Business Of The Highest Magnitude


Dr. Benjamin Rush believed the hand of God must have been involved in the noble work. John Adams, writing from Grosvenor Square, London, called it the greatest single effort of national deliberation, and perhaps the greatest exertion of human understanding, the world had ever seen. A great many people, however, held a contrary view, and in the fall of 1787 their opposition made it seem likely that the proposed Constitution of the United States would not be forwarded to the states by the Continental Congress, or, if forwarded, would not be ratified by the American people.

Opposition was especially intense in Pennsylvania, the only state with a well-developed, statewide two-party system. The Pennsylvania Democrats (Antifederalists) were efficiently organized; they controlled the state militia and the mobs in most cities; and they were led by a group of uncompromising idealogues who were determined that their state would not ratify the new Constitution. Both the Democrats and the pro-Constitution Federalists knew that Pennsylvania was the pivotal state and that the fight there would be an influential and perhaps decisive factor in the larger national contest. The struggle that ensued has not often been equalled in this country for bitterness, violence, vehemence of debate, or political high comedy.

The Constitutional Convention completed its work on September 17, after sixteen weeks of almost daily sessions. The engrossed Constitution, signed by thirty-nine delegates from twelve states, was sent forthwith to the Congress in New York City. With it went a covering letter from General George Washington, written, it is thought, by Gouverneur Morris of Pennsylvania. A resolution of the Convention asked the Congress to submit the Constitution for ratification, not, as expected, to the state legislatures, but to a convention of delegates popularly chosen in each state, and convened solely for that purpose.

The next day Benjamin Franklin led the Pennsylvania delegation to the second floor of the State House in Philadelphia to appear before the Pennsylvania House of Assembly. General Thomas Mifflin, Speaker and one of the delegates, read the Constitution aloud. When he finished, the citizens standing in the rear of the chamber broke into applause. On Wednesday the Constitution was printed in full in the Packet , the Journal , and the Independent Gazetteer or Chronicle of Freedom , and thereafter in others of the country’s eighty-odd newspapers. It was distributed in Pennsylvania as a pamphlet, with five hundred copies in the German language for the benefit of the state’s large German-speaking population.

The first public response seemed to be favorable, but the Democrats were bursting with protest. Speaking “for the present and future ages—the cause of liberty and mankind,” they went to work with handbills and pamphlets, with squibs and speeches, with articles and letters in the papers, in meetings and in exchanges in the boarding houses and taverns. To Democrats the new Constitution was the product of “as deep and wicked a conspiracy as ever was invented in the darkest ages against the liberties of a free people,” and it “would surely result in a monarchy or a tyrannical aristocracy,” and perhaps in civil war. They voiced these major objections:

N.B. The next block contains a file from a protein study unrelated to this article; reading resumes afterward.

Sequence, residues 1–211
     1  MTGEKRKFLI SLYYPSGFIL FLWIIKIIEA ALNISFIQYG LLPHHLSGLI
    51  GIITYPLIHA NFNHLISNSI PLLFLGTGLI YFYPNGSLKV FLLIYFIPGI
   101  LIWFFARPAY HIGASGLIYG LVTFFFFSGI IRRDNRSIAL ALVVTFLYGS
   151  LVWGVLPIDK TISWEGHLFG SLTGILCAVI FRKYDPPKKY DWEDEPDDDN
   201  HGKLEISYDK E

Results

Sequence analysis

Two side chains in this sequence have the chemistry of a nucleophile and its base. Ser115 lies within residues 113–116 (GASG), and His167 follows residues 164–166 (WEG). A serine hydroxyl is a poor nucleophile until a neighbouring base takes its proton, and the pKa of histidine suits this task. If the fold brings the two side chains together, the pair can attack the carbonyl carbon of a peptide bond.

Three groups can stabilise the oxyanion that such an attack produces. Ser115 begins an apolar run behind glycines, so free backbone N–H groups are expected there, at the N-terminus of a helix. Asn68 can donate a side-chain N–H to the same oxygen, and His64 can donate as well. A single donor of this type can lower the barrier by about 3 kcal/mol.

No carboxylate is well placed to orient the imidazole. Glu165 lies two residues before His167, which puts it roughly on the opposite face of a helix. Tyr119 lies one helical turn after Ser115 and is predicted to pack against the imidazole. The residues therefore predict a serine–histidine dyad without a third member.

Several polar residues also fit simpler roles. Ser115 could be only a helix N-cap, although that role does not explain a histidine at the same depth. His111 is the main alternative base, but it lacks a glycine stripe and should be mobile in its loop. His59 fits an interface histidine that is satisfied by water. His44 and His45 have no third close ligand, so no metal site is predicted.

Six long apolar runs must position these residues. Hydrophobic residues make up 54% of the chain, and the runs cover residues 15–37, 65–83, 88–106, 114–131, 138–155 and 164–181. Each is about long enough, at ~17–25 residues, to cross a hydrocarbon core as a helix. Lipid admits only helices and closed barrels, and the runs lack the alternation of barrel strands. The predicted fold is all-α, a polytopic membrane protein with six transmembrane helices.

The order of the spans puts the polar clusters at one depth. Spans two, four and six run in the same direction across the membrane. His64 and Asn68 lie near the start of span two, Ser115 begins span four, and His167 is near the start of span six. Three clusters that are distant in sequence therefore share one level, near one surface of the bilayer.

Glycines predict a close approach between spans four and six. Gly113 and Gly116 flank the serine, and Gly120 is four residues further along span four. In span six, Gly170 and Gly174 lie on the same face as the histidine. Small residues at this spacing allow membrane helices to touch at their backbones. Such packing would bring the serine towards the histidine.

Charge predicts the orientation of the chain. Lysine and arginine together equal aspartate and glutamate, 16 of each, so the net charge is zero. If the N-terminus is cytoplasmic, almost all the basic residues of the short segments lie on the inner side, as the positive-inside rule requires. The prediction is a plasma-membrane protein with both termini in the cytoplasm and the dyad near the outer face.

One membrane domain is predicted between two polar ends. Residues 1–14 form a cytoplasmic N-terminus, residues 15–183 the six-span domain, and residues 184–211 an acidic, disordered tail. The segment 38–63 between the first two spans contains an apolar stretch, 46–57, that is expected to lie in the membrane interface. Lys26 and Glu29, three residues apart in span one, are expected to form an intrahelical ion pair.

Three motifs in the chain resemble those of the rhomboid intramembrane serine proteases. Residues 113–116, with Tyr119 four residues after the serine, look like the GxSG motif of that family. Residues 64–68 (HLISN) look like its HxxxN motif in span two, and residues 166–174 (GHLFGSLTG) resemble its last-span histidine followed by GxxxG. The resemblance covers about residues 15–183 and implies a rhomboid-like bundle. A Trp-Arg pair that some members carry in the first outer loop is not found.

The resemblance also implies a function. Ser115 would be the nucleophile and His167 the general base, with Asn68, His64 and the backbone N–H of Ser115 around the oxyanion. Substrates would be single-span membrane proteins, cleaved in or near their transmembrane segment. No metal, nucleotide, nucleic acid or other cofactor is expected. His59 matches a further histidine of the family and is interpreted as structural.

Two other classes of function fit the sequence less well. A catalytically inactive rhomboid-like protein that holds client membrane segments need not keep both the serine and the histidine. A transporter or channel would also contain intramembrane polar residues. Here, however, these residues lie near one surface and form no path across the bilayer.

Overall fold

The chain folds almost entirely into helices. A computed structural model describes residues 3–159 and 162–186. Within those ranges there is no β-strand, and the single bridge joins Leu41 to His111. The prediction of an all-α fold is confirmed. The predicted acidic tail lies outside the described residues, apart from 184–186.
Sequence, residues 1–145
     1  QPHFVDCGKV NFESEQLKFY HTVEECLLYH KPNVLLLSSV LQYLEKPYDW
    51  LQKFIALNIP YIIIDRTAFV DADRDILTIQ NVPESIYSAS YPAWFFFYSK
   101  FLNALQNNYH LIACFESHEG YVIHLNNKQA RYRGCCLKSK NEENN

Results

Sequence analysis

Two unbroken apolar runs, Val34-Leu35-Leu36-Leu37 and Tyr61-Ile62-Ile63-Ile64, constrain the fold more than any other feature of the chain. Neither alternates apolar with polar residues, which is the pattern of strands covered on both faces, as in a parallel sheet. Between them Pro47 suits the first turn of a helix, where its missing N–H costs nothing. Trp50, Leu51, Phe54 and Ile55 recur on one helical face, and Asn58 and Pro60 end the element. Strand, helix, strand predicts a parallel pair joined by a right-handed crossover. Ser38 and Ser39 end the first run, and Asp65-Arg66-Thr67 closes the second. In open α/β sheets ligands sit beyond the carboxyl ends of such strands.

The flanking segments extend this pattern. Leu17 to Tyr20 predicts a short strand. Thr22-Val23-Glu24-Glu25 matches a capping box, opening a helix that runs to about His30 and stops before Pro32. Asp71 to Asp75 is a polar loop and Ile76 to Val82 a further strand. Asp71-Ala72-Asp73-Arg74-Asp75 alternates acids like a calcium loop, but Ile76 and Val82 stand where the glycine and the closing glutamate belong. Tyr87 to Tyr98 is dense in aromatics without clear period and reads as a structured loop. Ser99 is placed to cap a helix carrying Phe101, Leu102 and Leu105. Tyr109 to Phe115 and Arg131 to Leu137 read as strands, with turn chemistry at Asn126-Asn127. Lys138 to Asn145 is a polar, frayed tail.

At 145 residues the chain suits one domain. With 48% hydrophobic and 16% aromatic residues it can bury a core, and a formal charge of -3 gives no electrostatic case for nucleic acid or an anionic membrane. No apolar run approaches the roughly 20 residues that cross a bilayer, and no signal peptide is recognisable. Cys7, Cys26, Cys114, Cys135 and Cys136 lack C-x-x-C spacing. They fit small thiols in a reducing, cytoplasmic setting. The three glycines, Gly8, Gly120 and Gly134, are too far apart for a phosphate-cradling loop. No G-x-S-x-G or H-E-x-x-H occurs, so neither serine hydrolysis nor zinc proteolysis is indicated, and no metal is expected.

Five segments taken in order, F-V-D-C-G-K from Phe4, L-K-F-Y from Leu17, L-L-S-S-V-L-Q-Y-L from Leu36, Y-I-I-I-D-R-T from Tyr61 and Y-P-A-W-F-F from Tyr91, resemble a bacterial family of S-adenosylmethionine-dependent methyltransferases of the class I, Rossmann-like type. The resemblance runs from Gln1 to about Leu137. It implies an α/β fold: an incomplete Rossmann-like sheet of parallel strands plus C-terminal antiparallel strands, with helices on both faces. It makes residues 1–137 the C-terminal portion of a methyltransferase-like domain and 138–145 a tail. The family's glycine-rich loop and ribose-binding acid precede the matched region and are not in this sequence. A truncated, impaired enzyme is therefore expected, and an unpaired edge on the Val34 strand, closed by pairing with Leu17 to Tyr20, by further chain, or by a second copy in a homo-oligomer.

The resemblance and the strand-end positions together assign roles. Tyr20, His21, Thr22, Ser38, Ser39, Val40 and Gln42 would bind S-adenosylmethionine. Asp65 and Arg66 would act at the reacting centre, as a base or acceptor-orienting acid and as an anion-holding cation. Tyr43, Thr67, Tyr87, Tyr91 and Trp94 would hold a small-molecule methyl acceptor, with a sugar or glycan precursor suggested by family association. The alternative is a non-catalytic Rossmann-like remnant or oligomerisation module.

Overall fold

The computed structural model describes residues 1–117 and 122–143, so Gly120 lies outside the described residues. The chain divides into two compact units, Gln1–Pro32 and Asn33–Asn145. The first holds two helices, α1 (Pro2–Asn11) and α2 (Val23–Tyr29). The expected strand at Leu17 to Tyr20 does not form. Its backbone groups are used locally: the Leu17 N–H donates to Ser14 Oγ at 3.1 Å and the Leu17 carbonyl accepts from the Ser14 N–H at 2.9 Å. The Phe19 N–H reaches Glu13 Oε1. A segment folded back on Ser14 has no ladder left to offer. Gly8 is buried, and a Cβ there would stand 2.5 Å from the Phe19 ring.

1. Congress had instructed the Convention delegates to recommend possible amendments to the Articles of Confederation and Perpetual Union. Instead, meeting behind locked doors in a “dark conclave,” they had willfully written a plan for an entirely new form of government.

2. Their Constitution would annihilate the present confederation of coequal states, where the sovereign power should properly reside, and substitute for it a consolidated national government. The authority of the states would be grievously curbed if not obliterated. The ability of the new Congress to impose internal taxes and duties at its pleasure would undercut the taxing powers of the individual state legislatures.

3. Unprotected by their state governments, the citizens would be at the mercy of the central government. There was no bill of rights; liberty of the press, habeas corpus, and religious toleration were not assured; trial by jury was abolished in civil cases; and there was no prohibition of a standing army in time of peace.

4. The government of three branches, this “tripleheaded monster,” was unworkable. The President was too powerful, the Vice President “a needless and dangerous officer,” the Senate too aristocratical, the House too small to represent the people, the jurisdiction of the Supreme Court too extensive. The country was too large to be ruled under the principles of liberty by a consolidated government.

5. The whole proposition was extravagant and would bankrupt the nation.